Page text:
"Delayed fallout?" Kyle parroted, wonderingly.
"They're using nuclear terminology for something that's not even nuclear, I know," Maia grinned humorlessly. It made her pretty young face difficult to look at. "Before I was taken, I remember when they first..." She shook her head, almost violently. "Let's get going."
Kyle nodded, thinking of those horrid black-and-white history book images, of Hiroshima, and of the worn sci-fi novels Shawn sometimes indulged in. Post-apocolyptic, and he remembered laughing, remembered watching flickering, disjointed movies in Shawn's basement, as they both made wisecracks about the giant irradiated animal-of-the-week.
(They're lying back on Dad's old, faded brown couch in the basement; so familiar with the lumps and springs in the ancient hulk that they know just were to sprawl their own unwieldy, coltish legs. It's late-- they've had too much soda and too little sleep, and there are times when the crickets at the basement window-well are louder than the jumpy, black and white film on screen. The scientist in the picture is gesturing wildly, cheesy lab-coat flapping, threatening the pretty young heroine. Drowsy and silly, everything he says strikes the boys as outrageously funny. "I have harnessed the true glory of nuclear radiation; the beasts that guard my lair are the soldiers of the future!" More hand-waving, and the screen cuts to forced-perspective images of giant cockroaches and lizards, and finally back to the actress' look of almost comic horror. They watch, poised for Shawn's prediction as the orchestra reaches a tinny, oddly timed crescendo. There's running and screaming; the girl seems to trip every two meters and the film keeps cutting back to the laughing scientist-- but, true to form, eventually the heroine's modest blouse is ripped, and Kyle can see the tops of her pale, powdery breasts under their fan of lace. He's about to praise Shawn's mystical powers, when he realizes the older boy is asleep behind him, cheek on Kyle's shoulder. A stronger, slightly more tan arm rests on the younger boy's stomach. Kyle closes his eyes as well-- it never even occurs to him to move.)
"What they need--" Kyle says, forcing the words out between gasps of laughter, "what they need is--"
"Shhh! You'll wake Uncle Tommy!" Shawn's warm hand is on his face, half over his mouth, even as the other boy fights his own deep belly laughs. On screen, the girl is screaming, scrambling in the least productive manner possible as she attempts to escape the giant cockroach.
"You 'shh'!" Shawn may be a bit stronger, but Kyle is quicker-- he darts a hand under the arm attempting to restrain him and pulls at his cousin's nose. "Giant cockroaches! What they need is a giant Orkin Man!"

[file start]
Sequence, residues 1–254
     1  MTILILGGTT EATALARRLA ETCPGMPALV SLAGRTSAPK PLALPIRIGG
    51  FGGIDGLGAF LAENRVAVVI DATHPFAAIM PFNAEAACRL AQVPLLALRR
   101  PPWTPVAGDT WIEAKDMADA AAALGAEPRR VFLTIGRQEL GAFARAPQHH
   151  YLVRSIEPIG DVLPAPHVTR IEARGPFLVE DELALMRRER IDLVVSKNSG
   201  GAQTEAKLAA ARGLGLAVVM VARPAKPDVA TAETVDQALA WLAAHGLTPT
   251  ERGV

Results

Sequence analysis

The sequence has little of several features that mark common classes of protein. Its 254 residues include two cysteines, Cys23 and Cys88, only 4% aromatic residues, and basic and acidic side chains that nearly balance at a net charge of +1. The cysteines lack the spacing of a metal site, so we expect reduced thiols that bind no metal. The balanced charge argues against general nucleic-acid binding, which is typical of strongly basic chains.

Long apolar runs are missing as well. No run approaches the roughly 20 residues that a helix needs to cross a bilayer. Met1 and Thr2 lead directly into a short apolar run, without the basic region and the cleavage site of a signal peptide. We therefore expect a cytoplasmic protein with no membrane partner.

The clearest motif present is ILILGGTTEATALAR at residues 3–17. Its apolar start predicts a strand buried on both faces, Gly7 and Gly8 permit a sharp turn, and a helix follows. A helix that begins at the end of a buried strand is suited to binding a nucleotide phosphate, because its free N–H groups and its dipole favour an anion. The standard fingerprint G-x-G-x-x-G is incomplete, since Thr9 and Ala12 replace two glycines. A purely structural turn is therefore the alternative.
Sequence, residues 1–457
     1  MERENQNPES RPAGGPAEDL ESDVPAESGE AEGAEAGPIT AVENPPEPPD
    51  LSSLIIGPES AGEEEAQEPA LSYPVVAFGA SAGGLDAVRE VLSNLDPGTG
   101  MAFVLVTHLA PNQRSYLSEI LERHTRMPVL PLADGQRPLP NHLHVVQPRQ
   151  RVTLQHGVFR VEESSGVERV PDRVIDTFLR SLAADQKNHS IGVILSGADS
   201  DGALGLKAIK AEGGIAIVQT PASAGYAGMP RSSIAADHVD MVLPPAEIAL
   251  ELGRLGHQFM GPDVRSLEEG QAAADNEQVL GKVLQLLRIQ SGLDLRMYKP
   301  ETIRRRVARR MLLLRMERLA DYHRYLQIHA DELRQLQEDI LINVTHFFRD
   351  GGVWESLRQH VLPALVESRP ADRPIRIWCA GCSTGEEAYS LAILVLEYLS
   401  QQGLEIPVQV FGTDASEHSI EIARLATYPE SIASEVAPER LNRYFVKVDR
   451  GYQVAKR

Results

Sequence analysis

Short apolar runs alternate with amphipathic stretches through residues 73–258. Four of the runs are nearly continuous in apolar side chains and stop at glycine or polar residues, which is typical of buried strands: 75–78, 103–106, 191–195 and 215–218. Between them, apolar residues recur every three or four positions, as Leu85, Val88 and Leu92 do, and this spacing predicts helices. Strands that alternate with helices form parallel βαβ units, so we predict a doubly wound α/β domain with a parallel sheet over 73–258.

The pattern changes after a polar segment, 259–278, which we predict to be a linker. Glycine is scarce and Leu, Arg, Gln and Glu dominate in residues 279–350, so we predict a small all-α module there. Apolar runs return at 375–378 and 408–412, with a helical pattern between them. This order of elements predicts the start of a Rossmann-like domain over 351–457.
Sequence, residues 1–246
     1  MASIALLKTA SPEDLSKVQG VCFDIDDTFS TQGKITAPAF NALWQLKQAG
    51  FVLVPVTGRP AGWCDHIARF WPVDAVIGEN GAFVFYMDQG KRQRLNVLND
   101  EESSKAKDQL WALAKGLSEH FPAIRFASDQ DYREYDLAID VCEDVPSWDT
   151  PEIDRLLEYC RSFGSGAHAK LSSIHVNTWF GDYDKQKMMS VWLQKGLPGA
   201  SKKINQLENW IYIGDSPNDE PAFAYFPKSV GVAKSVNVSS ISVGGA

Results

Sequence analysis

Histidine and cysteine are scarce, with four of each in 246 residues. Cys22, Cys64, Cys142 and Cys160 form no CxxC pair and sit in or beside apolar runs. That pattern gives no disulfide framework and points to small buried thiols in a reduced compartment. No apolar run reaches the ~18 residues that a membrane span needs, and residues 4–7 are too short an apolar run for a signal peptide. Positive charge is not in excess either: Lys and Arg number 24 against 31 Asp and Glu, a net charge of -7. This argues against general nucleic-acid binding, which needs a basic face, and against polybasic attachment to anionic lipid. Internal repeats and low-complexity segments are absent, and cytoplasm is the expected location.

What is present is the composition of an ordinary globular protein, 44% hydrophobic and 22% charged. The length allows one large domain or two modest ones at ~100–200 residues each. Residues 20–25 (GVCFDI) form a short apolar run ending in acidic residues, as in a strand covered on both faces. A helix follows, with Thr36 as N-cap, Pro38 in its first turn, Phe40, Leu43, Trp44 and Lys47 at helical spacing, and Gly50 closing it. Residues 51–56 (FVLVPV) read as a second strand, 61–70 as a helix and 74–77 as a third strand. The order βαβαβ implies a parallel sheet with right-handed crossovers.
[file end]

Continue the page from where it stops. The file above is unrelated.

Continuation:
Shawn buries his face in one of the couch's flat, scratchy brown pillows, he's laughing so hard. The boys are a tangle of limbs-- plaid pajama bottoms and rucked up, faded t-shirts, warm and breathing in that barest of edge of chill only summer nights can possess.
"Oh my god," Kyle says, and promptly starts giggling again.
"Watch this," Shawn maneuvers so the arm he has slung around his cousin's shoulder can be used to point with authority. "I guarantee you, she's lose at least one article of clothing running from the cockroach, and after all that she'll end up right back where she started in the maze."
"Know-it-all," Kyle says affectionately.
"Seriously! We're going to see her ridiculously complicated 50's bra."
"I have harnessed the true glory of nuclear radiation; the beasts that guard my lair are the soldiers of the future!" More hand-waving, and the screen cuts to forced-perspective images of giant cockroaches and lizards, and finally back to the actress' look of almost comic horror.
They watch, poised for Shawn's prediction as the orchestra reaches a tinny, oddly timed crescendo. There's running and screaming; the girl seems to trip every two meters and the film keeps cutting back to the laughing scientist-- but, true to form, eventually the heroine's modest blouse is ripped, and Kyle can see the tops of her pale, powdery breasts under their fan of lace. He's about to praise Shawn's mystical powers, when he realizes the older boy is asleep behind him, cheek on Kyle's shoulder. A stronger, slightly more tan arm rests on the younger boy's stomach.
Kyle closes his eyes as well-- it never even occurs to him to move.)